Disruptions that will reverberate beyond 2020 — strategies for weathering, or taking full advantage

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Updated Nov 17, 2019

At a certain point it may seem like we are reliving experiences in our businesses over and over again. As in the movie Groundhog Day, personal and business cycles repeat, and repeat again.

We’re living and working comfortably when — BAM! — here comes a punch in the face. Knowing history may be very valuable, yet difficult to understand. Popular theory says most people’s grasp of history is limited to what we have lived through and personally experienced.

For example: The below timeline for just the basic hours of service rules. How many have you experienced? There are always lots of comments and complaints related to the 2003 change killing our ability to extend the duty window with mid-period rest (the current 14-hour rule), but there’ve been other changes.

Hours of service through the years

Hours Of Service Historical Timeline Changes 2019 11 11 16 00

How any of us adjusts to seismic shifts has a huge effect on our future. While change can be difficult, it isn’t impossible or by any stretch always negative. Resiliency is the ability to bounce back and adjust to the challenges — a natural toughness, you might say. This personality characteristic may be what allows you to survive as an entrepreneur. With effort, too, it’s not impossible to develop and nurture this valuable trait.

Business disruptions create challenges, but opportunities emerge, too. The 2017 electronic logging device reg implementation reduced available capacity, driving rates higher while the nation’s economy and business climate improved. The natural consequences: a rapid push by companies to take advantage by purchasing equipment and hiring drivers. Was this business decision of quantity over quality wise? Perhaps in the short term, but what of the long-range planning?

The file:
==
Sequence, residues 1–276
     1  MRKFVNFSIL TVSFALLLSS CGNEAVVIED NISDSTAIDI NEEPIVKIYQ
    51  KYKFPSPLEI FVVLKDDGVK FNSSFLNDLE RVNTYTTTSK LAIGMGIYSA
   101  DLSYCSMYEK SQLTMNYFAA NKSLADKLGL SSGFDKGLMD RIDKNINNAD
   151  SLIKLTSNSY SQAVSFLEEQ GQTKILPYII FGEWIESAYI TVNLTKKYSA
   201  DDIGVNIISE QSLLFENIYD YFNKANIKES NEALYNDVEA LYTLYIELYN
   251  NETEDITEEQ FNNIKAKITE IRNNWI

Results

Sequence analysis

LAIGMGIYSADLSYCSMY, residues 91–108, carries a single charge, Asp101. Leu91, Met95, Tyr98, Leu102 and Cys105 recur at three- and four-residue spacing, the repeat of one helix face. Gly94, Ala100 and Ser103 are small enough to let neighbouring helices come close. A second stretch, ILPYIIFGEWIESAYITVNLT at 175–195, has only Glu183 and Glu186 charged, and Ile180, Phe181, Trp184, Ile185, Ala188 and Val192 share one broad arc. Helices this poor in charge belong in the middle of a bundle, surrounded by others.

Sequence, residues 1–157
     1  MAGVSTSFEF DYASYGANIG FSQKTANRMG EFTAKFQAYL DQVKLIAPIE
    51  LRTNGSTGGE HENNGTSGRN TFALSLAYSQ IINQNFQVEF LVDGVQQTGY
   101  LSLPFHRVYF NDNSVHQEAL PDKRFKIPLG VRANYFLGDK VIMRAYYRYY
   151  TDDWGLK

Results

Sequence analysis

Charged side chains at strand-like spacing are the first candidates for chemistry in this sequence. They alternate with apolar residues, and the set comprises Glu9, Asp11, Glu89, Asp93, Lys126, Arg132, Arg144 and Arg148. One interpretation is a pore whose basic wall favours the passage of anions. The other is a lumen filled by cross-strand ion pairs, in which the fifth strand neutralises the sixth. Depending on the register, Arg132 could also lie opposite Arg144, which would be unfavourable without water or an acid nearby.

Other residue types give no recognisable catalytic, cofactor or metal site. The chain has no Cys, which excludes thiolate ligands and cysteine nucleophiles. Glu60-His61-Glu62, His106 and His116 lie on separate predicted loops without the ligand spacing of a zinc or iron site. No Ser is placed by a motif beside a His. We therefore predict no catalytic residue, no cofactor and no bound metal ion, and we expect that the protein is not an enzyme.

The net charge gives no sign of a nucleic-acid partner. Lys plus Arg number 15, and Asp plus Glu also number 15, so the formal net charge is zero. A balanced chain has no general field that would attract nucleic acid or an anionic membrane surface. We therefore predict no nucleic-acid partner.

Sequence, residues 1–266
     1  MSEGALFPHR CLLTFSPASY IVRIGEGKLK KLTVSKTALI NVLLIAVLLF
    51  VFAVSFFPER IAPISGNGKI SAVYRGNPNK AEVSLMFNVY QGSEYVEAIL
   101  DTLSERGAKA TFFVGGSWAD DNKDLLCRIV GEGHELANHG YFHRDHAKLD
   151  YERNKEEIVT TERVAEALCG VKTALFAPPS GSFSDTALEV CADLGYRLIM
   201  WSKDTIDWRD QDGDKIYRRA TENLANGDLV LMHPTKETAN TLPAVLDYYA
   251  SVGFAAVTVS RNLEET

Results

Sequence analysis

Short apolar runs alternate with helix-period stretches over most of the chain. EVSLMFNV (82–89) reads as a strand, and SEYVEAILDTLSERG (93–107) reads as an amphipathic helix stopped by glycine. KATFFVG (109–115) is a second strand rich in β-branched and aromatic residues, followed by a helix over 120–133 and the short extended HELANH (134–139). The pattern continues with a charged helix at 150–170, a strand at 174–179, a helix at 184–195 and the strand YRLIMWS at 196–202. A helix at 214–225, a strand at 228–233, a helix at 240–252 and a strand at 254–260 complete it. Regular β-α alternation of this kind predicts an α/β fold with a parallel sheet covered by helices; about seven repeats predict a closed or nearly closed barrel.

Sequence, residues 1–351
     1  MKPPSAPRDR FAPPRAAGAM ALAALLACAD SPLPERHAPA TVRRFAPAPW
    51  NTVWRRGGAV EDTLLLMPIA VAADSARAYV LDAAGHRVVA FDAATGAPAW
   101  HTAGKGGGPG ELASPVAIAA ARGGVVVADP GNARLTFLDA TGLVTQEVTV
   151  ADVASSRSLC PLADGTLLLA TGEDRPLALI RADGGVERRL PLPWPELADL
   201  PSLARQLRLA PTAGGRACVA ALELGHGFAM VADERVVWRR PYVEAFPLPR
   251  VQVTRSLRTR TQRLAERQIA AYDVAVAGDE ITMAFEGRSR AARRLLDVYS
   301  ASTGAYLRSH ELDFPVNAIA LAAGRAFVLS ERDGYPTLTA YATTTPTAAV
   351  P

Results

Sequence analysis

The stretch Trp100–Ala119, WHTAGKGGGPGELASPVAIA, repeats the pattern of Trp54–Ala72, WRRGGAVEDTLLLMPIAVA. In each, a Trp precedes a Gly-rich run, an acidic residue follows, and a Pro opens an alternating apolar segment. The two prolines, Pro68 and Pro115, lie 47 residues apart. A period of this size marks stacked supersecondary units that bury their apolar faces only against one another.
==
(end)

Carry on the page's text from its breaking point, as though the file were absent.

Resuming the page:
Several major disruptions are in the offing that will have unknown effects. The California A.B. 5 law leading the headlines has displaced much of the chatter around full implementation of the ELD rule next month – much of that had been about the loss of any ability to customize an e-log’s automatic switch to the drive status. With full ELD implementation, that happens at 5 mph. something every driver seems to agree is totally unreasonable.

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What impacts could A.B. 5 bring when it comes to carrier capacity and the rest of the country’s freight rates, as independent contractors move their businesses out of California searching for work? Will there be a rate spike in California that some companies will find ways to capitalize on?

Also welcome to the mix IMO 2020 – that’s not “in my opinion” 2020, as it were, but rather stands for the International Maritime Organisation. The IMO 2020 rules will shift worldwide maritime vessels to lower sulfur fuel formulas. This could stretch refineries’ ability to meet demand. Some projections are increases of 25-50 cents per gallon of diesel fuel. If you’re an independent, how can you prepare for this? If your company is in the process of submitting contract rates for the first quarter or beyond, how will you be able to educate the customer and negotiate a reasonable fuel surcharge?

Many who rely on the spot market have not been in a position to negotiate surcharges. Get ready: be prepared for cost adjustments, and look for opportunities to reduce operating costs in other areas.

Can anyone predict the effects of the 2020 election cycle on transportation of goods and services? I dare not even pretend to know what businesses will be doing.

These are just a handful of potential disruptions we already know about. My experience has taught me that the small business owner-operator does have certain advantages navigating market disruptions. An example of this is when natural disasters hit communities it’s often the independent who steps up to fill the gap, aided and abetted by our own ability to make decisions faster, react quickly, tighten our belts and trim unnecessary fixed cost.

As the owner driving, you know better than anyone else your personal hours of service and ability to operate efficiently, allowing you to provide the best customer services a customer hopes for when there are smaller local or regional disruptions. Dare to see and think differently, provide the service the other carriers fail to and really envision your future. And be careful, of course, when the temptation to follow the crowd rears its head, as it will in due course.